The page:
31/5/2009

I had barely heard of postmodernism when i entered grad school in 1981. I tended to see Levertov, Olson, Creeley, O'Hara, or Ginsberg as continuers of a tradition. Didn't they admire William Carlos Williams? Didn't Williams, Pound, and Stevens really come into their own, reputationally speaking, in the 1960s? I felt we were still living in the modernist period. I still feel that way.

I remember a fellow grad student glibly rattling off the differences between modernism and postmodernism. I wasn't having any of it. In part, it was my own ignorance, but I also think I was intuiting something. Sorrentino's attitude toward Williams, Joyce, or Blanchot was wholly reverential, wholly unironic.

Though people like Olson invented the term "postmodernism," the term took on a different meaning after Lyotard and Jameson. Basically, the word was hijacked as a term for "poststructuralism" or for "late capitalism," respectively. It became just that much more useless as a term for literary studies.

27/5/2009

The other part of this project is the intellectual history dimension. What does it mean that a prominent Spanish exile (Zambrano) was advocating a kind of Spanish exceptionalism with roots in Unamuno? That Valente's intellectual hero is Saint John of the Cross? What happens to the concept of literary modernity if your chief modern poet is Lorca, a poet so ambivalent toward modernity (when he wasn't just hostile to it)? What happens if you juxtapose Lorca's Duende lecture to Zambrano's cultural history of Spain in Pensamiento y poesía en la vida española?
The case for high modernism / late modernism in Spain, being the movement of most vitality, is even stronger than I thought. Where my argument in The Twilight of the Avant-Garde was much more qualified and hedged, I am now prepared to make the case that modernism is a movement that we have not yet caught up with. No more apologies for hard-core late modernism in my next book Fragments of a Late Modernity.

The introduction is titled "Catching Tigers in Red Weather." Basically, the point here is modernism is still the strongest game in town, and that a full reckoning of the movement could not happen until much later. No one, single reader in 1930 could have had access to Pessoa, Cavafy, Rilke, Lorca, H.D., Vallejo, Mayakovsky, Stein, Williams, Breton, all at the same time. We're lucky even now to find a grad student who knows even the basics of modernism. Modernism, historically, was and is fragmented. Any reading of modernism is not a reconstruction of some knowledge that existed in 1930, but a recuperation of a past that never happened. Literary history is our own invention, but we have ample material with which to work.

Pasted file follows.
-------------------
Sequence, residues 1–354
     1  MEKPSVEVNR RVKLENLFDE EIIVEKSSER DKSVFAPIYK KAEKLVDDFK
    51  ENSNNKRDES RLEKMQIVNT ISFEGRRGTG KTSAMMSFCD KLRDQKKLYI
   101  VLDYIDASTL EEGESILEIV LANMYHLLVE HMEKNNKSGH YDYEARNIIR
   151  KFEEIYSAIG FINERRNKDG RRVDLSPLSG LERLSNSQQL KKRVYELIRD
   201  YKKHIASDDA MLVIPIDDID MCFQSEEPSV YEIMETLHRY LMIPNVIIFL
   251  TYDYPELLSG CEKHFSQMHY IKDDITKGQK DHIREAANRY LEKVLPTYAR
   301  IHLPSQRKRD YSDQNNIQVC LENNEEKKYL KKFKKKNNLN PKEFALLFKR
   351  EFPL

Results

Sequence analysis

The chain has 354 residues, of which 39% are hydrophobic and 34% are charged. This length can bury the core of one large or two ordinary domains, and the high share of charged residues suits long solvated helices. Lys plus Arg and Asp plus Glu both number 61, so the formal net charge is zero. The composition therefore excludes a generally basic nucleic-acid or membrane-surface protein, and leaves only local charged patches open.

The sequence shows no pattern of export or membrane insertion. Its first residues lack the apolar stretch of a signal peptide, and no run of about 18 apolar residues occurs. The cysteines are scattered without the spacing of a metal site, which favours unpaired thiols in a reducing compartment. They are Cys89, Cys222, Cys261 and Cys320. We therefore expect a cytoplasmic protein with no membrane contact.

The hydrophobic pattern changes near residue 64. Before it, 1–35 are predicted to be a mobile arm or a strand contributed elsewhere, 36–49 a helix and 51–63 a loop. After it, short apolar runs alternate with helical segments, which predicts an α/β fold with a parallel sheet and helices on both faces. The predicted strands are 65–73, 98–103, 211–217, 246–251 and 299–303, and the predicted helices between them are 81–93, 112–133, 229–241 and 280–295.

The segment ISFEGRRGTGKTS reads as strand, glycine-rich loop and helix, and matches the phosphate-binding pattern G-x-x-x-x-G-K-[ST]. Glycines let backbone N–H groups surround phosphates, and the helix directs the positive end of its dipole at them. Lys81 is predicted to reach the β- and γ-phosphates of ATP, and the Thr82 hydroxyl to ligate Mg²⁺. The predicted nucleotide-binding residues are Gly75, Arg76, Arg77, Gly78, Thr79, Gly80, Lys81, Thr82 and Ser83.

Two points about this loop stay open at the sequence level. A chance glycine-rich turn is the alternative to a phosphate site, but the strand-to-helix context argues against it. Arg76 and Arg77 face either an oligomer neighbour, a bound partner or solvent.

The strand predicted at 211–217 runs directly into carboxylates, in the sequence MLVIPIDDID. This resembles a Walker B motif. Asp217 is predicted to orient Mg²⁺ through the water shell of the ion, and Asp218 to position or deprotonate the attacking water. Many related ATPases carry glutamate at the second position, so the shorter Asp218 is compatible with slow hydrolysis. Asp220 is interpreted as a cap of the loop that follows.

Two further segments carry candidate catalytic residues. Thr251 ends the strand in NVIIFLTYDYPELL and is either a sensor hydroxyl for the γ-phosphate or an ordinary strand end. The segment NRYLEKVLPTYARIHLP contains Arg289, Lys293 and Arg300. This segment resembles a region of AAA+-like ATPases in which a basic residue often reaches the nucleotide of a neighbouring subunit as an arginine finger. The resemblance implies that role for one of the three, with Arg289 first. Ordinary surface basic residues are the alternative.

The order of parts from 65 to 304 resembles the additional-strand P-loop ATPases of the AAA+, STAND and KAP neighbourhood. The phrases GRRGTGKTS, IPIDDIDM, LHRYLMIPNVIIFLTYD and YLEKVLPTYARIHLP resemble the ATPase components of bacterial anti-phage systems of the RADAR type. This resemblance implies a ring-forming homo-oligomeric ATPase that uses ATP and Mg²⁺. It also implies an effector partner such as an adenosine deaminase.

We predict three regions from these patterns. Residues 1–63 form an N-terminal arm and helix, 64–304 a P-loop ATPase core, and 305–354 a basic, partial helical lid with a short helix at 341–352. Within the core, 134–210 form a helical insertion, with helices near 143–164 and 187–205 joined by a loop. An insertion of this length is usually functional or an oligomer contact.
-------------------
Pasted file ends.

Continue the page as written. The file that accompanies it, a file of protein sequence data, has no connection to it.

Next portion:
Nor did modernism end in 1930, or 1939, or 1960. It was only something called "postmodernism" that seemed to put a final point to it. But what was postmodernism except a continued recuperation of the modernist heritage in all its richness?

So after the introduction, I will have two chapters on Lorca. Nothing to do with Apocryphal Lorca, but an attempt to recuperate him within international modernism and connect him with a later Spanish poetry that seems to neglect him.

After that, three chapters on the Zambrano / Valente nexus, two of which I've already written, so that should be easy.

The final section consists of four chapters. I wrote my dissertation on Claudio Rodríguez, but that was twenty years ago. It's time for me to revisit the strongest Spanish poet of our time. Another chapter on Gamoneda, which I've also already written.

A chapter that tentatively will address the work of Núñez and Ullán. A final one devoted to OGV.

I've written 3 of 8 chapters, plus an article in Spanish containing some of the ideas for the first Lorca chapter.

Here are my worries:

The book will be boring.
It will keep me from more interesting projects.
Nobody will read it.
The book will be too much a repetition of TWOTAG and AL.
I won't find a publisher.

26/5/2009

Like those of Art Tatum, Monk's improvisations consist of playing the melody of the song and varying the accompaniment, the harmonic and rhythmic approach, the ornamentation. The melody is sometimes concealed for a stretch, but it always reemerges. On standards, like Tatum, he often comes back to a basic stride pattern to reassert the basic melody / form / harmony of the tune after a more abstract or concealed passage.